Next you modify your ccnet project file to utilize this labeller. We did this with the default labeller block. Something like the following:

<project>
<labeller type="p4labeller">
    <client>myclient</client>
    <executable>p4.exe</executable>
    <port>myserver:1234</port>
    <user>myuser</user>
    <view>//Code1/...</view>
</labeller>
<!-- Other project configuration to go here -->
</project>

If you're just wanting the build number to show up in ccnet then you're done and don't really need to do anything else. However, you can access the label in your NAnt script if you wish by using the already provided CCNetLabel property.

Hope this helps some. Let me know if you have any questions by posting to the comments.

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1  
To compile this I had to add references to ThoughtWorks.CruiseControl.Core.dll and NetReflector.dll (both in the CruiseControl.Net installation folder and then add the following to import the namespaces: using Exortech.NetReflector; using ThoughtWorks.CruiseControl.Core; –  robaker Jul 14 '09 at 9:18
    
The other thing I would add is that you make sure your assembly dll is named "ccnet.*.plugin.dll" where * is whatever name you choose for your plug-in. –  Ken Jan 5 '10 at 16:42

Did you try to use some environment variables? I believe CCNet can handle these.

I'll dig a bit on this.

Well I see a solution, quite dirty, but anyhow:

1- Add a defaultlabeller section in your CCNET project definition. It will contains the pattern of the build number you want to display.

2- Within NAnt, have a script to update your configuration file, inserting the build number you want to see.

3- Touch (in the Unix sense) the ccnet.exe.config file so as to make it re-load the projects configuration files.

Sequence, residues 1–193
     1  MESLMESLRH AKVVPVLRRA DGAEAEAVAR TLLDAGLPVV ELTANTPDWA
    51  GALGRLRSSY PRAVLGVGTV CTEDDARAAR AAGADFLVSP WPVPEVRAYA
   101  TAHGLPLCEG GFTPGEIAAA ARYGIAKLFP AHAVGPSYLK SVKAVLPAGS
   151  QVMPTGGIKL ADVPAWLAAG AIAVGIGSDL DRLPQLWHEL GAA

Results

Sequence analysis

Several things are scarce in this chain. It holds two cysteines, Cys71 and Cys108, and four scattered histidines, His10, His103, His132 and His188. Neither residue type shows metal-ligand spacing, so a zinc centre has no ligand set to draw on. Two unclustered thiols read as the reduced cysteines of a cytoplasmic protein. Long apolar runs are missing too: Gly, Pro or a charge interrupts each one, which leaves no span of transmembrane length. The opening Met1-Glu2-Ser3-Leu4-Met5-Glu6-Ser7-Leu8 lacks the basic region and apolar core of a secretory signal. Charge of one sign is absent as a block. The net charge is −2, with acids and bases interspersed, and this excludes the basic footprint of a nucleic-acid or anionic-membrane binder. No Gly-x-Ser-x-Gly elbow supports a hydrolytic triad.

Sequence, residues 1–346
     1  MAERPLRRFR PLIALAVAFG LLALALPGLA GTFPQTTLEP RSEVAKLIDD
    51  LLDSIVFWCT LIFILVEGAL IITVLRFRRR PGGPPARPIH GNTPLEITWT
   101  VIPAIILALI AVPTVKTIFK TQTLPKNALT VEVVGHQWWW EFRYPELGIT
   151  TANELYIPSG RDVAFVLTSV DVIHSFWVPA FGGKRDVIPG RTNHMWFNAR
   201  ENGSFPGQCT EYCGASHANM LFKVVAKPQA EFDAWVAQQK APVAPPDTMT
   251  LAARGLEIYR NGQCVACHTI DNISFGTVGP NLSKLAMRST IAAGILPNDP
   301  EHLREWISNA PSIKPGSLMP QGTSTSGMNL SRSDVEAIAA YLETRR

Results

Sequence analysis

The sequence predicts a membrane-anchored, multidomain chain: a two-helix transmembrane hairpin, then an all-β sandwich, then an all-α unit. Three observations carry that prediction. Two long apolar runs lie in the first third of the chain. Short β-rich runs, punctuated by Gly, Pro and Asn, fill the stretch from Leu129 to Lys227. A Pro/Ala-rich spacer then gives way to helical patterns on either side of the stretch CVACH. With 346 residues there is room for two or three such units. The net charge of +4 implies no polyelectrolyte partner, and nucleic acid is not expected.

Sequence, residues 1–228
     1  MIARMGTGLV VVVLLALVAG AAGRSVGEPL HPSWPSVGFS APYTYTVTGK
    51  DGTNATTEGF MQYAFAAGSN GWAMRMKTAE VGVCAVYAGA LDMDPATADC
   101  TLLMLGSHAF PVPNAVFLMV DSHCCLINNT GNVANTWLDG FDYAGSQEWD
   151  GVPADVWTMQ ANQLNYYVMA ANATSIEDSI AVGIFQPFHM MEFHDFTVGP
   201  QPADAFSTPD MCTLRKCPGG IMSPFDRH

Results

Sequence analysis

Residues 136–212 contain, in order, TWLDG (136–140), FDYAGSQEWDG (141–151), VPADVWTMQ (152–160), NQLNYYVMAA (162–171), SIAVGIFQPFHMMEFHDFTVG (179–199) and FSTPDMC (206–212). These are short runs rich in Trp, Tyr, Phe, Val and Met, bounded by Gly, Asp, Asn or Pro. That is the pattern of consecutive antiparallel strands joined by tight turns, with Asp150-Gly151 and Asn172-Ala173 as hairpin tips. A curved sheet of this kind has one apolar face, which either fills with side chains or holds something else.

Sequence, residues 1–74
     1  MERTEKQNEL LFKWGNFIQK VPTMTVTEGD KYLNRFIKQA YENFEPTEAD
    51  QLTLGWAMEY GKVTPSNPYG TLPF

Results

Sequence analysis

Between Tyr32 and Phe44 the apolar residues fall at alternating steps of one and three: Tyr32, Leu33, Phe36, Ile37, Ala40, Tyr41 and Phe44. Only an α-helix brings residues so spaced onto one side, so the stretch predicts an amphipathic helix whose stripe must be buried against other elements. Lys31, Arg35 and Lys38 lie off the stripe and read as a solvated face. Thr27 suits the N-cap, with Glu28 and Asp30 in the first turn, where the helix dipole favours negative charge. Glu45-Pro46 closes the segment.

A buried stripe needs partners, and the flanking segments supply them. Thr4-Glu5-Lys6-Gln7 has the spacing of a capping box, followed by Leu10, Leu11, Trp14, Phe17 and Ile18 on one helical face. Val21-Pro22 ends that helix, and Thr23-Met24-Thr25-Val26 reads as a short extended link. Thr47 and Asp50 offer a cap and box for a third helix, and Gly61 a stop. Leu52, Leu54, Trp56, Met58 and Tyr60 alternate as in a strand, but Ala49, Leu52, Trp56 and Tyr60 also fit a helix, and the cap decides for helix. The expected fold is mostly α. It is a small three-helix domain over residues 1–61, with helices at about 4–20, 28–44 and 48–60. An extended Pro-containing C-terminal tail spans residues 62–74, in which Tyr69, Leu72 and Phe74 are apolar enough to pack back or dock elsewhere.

et voilà.

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We had this problem as well. I ended up writing a special CC labelling plugin.

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You don't have the code to distribute do you? –  Matthew Rathbone Nov 6 '08 at 13:25
    
No, but it is really not that difficult. Inherit from net.sourceforge.cruisecontrol.LabelIncrementer, follow the API docs, build your plugin into a jar, add the jar to your CC config.xml. –  JesperE Nov 7 '08 at 11:42

If your build numbers are sequential, you can just hack the cruise control state file to give it the correct build number to start with. Your looking for a file called [projectName].state.

I changed the Label element to the correct number and the LastSuccessfulIntegrationLabel to be the new number.

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However, we only recently got CruiseControl so our official build number is different from what is listed in CruiseControl.

Sort of along the lines of what gbanfill said, you can tell CC what build numbers to start from, but there's no need to hack the .ser file. You can use the JMX interface to set the current build number to get it in sync with your NAnt build number.

You can also set the default label value to to your current build number, delete the .ser file and restart CC.

But maybe the easiest thing is to write the build number into a property file from NAnt and then use the property file label incrementer to read that file. (Be sure to to set setPreBuildIncrementer="true")